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Gundam vs Gundam (PSP)

Gundam vs Gundam (PSP)

Written by Ross Locksley on 16 Jan 2009

Distributor Bandai Namco • Price £30 (Ebay)

There have been a great many Gundam games on the PSP, ranging from arcade style arena battles (Gundam SEED: Rengou vs ZAFT) to the Battle Tactics series (up to the fourth of those now I believe) and even one SD outing. Sadly, because of the heavy Japanese text, only SEED was really accessible to Western gamers, and scored an awesome 10/10 - the balance and replayability really made it shine, and I even managed to get a 5 hour marathon in due to being on a train stuck in the horrific floods of last year. My portable friend paid for itself in spades that day.

The latest release is a port of the arcade game of the same name, and in place of the (very varied) SEED mecha, we have a lovely assortment of Gundam's through the ages. All in there are 34 mechs, with 4 more, PSP exclusive, unlockable death machines made available one at a time as you beat the game the first 4 times.

Due to the sheer volume of Gundam series, you're never going to shoehorn everyone's favourite mechs into the game, but what's here is a good, varied collection. Each show represented gets a mech or two, starting with the original series right up to 00. The easiest mechs to play with are the Wing Gundam (huge beam weapon as standard), Freedom Gundam (awesome special) and surprisingly the original RX-78, which has a bazooka and a huge ball & chain. Very impressive stuff.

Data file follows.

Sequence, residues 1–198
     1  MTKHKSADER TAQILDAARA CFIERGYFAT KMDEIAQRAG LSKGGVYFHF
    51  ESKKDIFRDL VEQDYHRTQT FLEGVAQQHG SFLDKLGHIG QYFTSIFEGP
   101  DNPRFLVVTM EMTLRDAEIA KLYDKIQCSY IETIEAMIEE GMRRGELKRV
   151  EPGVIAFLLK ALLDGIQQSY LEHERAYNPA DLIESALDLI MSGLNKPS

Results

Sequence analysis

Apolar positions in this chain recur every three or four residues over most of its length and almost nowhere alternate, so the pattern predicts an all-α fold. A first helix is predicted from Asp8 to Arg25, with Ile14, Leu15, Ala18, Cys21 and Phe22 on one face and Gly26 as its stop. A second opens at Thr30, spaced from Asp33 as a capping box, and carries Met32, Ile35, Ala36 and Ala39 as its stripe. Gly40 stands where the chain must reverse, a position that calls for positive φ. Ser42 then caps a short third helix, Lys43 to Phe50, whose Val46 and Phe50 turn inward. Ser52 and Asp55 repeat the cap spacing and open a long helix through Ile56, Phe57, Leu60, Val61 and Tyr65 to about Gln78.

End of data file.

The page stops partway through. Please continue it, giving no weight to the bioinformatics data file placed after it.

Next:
It won't be long before you start experimenting with the others, and they all have their charms. The controls are different to SEED: Rengou vs ZAFT, and that takes a little getting used to, but once you've got the controls mastered (which is easy thanks to an English instruction sheet nestled inside the manual!) you're good to go. It seems that Namco Bandai have a good idea about which of their games get imported, and support them accordingly.

The pace isn't quite as fast as Rengou vs ZAFT, but the game play doesn't suffer for it. Character models are detailed for such a small screen, and while the surroundings aren't that detailed, it's not the landscape you'll be playing the game for, it's the action. The music is all taken from the shows featured in the game, and there are a few standout tracks, amongst which would be Communication, the instantly recognisable theme from Wing. Each stage is themed to a show (sticking with Wing, you fight in the school grounds, for SEED it's a Lacus concert) and subsequently you have some pretty fantastic nostalgia trips while playing.

When the much-mentioned Rengou vs ZAFT arrived, it was unique to the system. Gundam vs Gundam has to suffer competition from it's older brother and the recently released (and reviewed) Macross Ace Frontier, which had the benefits of levelling up, multiple mission types, stunning graphics, a huge soundtrack, the Macross missile barrage and 3 modes of fighter. Subsequently Gundam vs Gundam feels a bit sluggish and light in comparison, and were it not for this the game would score higher.

As a mech brawler in its own right, it's great - I've whiled away many an hour getting my skills just right, and even though it boils down to shoot, evade, wait for enemy to land, shoot again, it's wrapped up so nicely you really don't mind.

The range of available mecha makes this a good sequel to anyone with the SEED game, but I'd go for Macross over this if I had to make the crucial decision.

Solid, entertaining stuff which is accessible to Western gamers and won't disappoint Gundam enthusiasts.

Ross Locksley
About Ross Locksley

Ross founded the UK Anime Network waaay back in 1995 and works in and around the anime world in his spare time. You can read his more personal articles on UKA's sister site, The Anime Independent.


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